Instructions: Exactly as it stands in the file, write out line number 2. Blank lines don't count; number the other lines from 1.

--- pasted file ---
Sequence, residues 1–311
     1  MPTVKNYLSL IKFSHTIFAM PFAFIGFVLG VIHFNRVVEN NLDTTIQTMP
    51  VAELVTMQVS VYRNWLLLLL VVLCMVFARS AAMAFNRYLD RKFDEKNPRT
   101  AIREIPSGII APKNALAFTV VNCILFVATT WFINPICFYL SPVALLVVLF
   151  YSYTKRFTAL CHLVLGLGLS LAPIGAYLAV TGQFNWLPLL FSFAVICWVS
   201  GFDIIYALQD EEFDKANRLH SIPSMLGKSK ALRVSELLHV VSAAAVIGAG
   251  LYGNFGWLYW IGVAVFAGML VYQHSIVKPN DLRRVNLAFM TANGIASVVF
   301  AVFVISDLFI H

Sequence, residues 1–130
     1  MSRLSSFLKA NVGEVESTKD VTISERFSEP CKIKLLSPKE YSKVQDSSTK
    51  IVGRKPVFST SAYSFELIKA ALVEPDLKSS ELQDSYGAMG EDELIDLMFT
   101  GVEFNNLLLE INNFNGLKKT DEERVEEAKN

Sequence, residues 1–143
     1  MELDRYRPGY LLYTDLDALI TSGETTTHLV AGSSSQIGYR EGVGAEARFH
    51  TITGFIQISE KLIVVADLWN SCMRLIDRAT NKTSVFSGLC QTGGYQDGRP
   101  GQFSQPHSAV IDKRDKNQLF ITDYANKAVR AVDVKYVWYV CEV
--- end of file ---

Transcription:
     1  MPTVKNYLSL IKFSHTIFAM PFAFIGFVLG VIHFNRVVEN NLDTTIQTMP